The Small Church in Massachusetts Where Gay and Trans Immigrants Feel at Home

The Small Church in Massachusetts Where Gay and Trans Immigrants Feel at Home

Originally Published in Mother Jones.

Hadwen Park Congregational Church has become a beacon for those fleeing hostility and prejudice.



For a decade, a dedicated team of volunteers at Rev. Judith Hanlon’s Hadwen Park Congregational Church has helped more than 150 gay and transgender immigrants make a life for themselves in America.

Mainly from Africa and the Caribbean, many of these men and women seek out the little wooden church in central Massachusetts, sometimes arriving without notice, looking for refuge from a homeland that showed them little but hostility and prejudice. Hanlon has made helping them a mission of her flock.

“I couldn’t take the constant harassment,” says Vanessa Okumu, a 26-year-old from Uganda, who the church has placed in an apartment in Worcester, a city where 21 percent of the population is from another country.

Under the program, which is free of state and federal funds, Okumu will receive the help she needs to obtain a Social Security number and a work permit.  “I was so lucky,” Okumu says of the church’s assistance. “I didn’t know what I was going to do,” she tells the Boston Globe.

  • Maximizing his time. Bob Charland was a former bouncer with a fatal diagnosis. The Springfield, Mass., mechanic resolved to use what time he has left to fix up bikes for underprivileged kids. “I realized that I could still get up every day and do the projects that I want to do to help people,” Charland said. Since spring of 2017, he’s spent $10,000 to rehab and distribute about 1,000 bikes to underprivileged children. He works with local police to deliver the bikes to local schools and give safety lessons. (Washington Post)
  • Still a nice guy. We’ve profiled Yassin Terou before, after the Syrian refugee’s falafel shop in eastern Tennessee was named “the nicest place in America.” Now he’s among the many food providers offering free meals to federal workers during the government shutdown. “These guys are our brothers and sisters, and they already did the work, and they aren’t getting paid,” he said. (Good Morning America)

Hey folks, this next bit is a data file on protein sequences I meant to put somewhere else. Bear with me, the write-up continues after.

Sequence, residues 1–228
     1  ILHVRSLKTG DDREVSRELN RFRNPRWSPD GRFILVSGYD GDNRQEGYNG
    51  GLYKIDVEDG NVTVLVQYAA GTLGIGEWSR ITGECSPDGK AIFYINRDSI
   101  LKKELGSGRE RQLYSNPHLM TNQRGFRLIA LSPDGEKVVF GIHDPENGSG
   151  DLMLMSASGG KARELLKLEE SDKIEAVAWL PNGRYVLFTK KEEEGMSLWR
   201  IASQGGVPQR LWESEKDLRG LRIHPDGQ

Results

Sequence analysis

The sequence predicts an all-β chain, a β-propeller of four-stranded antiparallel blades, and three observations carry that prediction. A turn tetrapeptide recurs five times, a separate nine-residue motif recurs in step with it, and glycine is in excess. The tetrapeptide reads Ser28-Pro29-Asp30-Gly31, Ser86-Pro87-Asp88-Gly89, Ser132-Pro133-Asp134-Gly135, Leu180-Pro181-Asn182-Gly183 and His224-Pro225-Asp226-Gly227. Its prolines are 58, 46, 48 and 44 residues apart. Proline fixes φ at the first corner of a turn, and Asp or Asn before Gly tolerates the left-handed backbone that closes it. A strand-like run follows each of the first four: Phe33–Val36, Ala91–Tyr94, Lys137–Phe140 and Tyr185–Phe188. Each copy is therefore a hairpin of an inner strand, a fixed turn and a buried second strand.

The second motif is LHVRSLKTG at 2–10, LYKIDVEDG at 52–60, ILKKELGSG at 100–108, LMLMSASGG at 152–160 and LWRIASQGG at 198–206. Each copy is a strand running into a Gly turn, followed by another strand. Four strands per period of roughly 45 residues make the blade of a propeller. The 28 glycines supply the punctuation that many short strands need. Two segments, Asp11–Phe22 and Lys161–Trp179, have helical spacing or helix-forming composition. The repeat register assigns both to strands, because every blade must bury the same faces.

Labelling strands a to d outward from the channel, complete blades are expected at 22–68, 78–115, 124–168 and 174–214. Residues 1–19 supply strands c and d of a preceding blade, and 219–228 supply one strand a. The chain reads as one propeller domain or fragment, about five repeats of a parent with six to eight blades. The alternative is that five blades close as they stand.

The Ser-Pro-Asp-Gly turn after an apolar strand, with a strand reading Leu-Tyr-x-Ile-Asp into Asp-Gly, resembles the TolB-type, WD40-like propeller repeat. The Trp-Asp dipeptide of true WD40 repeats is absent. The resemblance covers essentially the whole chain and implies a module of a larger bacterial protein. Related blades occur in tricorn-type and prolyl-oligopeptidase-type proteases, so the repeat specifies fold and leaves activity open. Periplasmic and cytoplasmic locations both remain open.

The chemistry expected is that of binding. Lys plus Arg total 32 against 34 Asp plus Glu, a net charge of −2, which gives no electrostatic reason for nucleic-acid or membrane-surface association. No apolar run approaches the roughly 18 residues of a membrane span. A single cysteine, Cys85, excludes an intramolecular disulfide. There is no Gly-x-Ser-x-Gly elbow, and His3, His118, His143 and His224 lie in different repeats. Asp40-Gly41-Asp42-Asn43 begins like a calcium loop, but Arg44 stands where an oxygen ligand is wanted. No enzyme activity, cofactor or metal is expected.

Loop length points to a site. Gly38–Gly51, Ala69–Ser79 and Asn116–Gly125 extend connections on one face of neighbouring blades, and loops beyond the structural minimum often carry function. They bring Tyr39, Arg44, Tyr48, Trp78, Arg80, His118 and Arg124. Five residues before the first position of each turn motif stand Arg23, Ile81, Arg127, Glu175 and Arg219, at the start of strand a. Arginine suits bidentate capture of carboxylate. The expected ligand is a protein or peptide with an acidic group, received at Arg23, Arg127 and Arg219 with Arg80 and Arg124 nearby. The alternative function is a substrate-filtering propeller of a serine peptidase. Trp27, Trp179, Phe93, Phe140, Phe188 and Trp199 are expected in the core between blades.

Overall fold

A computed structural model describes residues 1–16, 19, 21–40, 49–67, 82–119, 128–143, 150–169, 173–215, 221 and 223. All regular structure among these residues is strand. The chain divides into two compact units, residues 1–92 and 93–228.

• Serving millions. Isabelle Kelley created a program that now helps feed 38 million Americans—a program that started with milk and expanded to food stamps. More than two decades after her death in 1997, Kelley was honored last week with a New York Times obituary as part of a series on under-recognized women leaders. (New York Times)
  • Prevention for homelessness. Hailing from Geelong, Australia, a new approach to tackling youth homelessness is headed to Seattle. The key steps to this program is identifying, through school surveys, the students most at risk for homelessness, and help them. “We’re not going to end youth homelessness without actually keeping young people from coming into homelessness in the first place,” says Casey Trupin, of the Seattle-based Raikes Foundation, which is aiding the effort. (Seattle Times)
  • A trim—and talk. Lorenzo Lewis found that people who need therapy often don’t seek it, so the barber started bringing therapy to them at his Arkansas barbershop. “The barbershop is a staple in the black community, and I want it to be a safe space where people can go and talk honestly about themselves,” said Lewis, who is training other barbers to recognize signs of depression and instability, ask questions, and guide customers to help. (The Philadelphia Citizen)


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